There were waterfowl about too (as if I haven’t already mentioned enough birds!).  Everything from Mute Swans to Green-winged Teal, from Canada Geese to Northern Shovelers.  I was impressed by quite a few Northern Pintails and happy to see two Blue-winged Teal.  Best of all, though, was a single Snow Goose, my first since the last lingerers departed Jamaica Bay back in May.

At the end of the loop I spotted a couple of Eastern Bluebirds and a Blackpoll Warbler and then I was back at the visitor center and discovered that the Roseate Spoonbill had been spotted.  Rather than go into the story of how I spotted it again I will mercifully begin to end this overlong post and just say that in addition to adding the spoonbill on my second lap around Brigantine I was also fortunate enough that some other birders pointed out a Marbled Godwit to me, my only other year bird of the day.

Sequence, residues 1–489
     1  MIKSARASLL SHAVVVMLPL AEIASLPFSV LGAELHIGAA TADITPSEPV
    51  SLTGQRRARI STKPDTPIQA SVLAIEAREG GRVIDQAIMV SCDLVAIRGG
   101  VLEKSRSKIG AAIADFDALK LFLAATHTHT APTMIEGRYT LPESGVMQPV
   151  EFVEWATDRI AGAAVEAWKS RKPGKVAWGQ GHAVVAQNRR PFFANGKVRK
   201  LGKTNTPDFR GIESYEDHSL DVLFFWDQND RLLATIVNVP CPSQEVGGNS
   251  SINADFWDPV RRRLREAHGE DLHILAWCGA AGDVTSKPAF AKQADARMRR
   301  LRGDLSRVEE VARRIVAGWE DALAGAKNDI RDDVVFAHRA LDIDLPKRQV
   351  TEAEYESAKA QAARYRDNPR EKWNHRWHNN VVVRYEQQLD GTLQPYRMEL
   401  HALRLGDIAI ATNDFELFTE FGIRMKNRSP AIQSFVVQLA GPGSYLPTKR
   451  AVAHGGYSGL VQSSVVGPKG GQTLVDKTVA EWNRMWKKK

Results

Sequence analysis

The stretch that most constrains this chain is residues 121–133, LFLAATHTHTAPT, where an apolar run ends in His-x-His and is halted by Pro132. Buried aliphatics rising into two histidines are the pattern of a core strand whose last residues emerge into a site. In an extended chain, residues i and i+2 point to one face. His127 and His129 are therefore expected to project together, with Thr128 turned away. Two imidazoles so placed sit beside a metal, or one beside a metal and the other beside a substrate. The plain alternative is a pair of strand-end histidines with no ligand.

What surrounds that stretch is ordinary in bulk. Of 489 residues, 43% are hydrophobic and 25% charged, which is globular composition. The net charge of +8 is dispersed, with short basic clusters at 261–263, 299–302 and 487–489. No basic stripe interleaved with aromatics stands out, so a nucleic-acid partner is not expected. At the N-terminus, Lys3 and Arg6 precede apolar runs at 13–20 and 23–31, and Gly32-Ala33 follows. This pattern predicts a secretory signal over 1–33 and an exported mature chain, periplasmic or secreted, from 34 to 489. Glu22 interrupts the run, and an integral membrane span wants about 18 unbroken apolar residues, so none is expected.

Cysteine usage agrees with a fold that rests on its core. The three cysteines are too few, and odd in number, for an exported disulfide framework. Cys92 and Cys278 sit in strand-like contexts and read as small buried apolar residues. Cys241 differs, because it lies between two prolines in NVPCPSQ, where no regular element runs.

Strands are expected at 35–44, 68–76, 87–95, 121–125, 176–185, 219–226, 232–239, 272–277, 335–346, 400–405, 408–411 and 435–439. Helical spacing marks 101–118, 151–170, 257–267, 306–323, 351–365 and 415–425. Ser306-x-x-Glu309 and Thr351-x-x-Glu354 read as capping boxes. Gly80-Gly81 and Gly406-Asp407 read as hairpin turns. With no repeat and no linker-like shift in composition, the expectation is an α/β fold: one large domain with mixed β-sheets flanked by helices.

It was a marvelous six hours of birding at Brigantine and mostly made up for the fact that the trip that only took me two-and-a-quarter hours on the way down took three-and-three-quarters hours on the way back.  Jersey traffic can be horrific!

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Written by Corey
Corey is a New Yorker who lived most of his life in upstate New York but has lived in Queens since 2008. He's only been birding since 2005 but has garnered a respectable life list by birding whenever he wasn't working as a union representative or spending time with his family. He lives in Forest Hills with Daisy, their son, Desmond Shearwater, and their indoor cat, B.B. His bird photographs have appeared on the Today Show, in Birding, Living Bird Magazine, Bird Watcher's Digest, and many other fine publications. He is also the author of the American Birding Association Field Guide to the Birds of New York.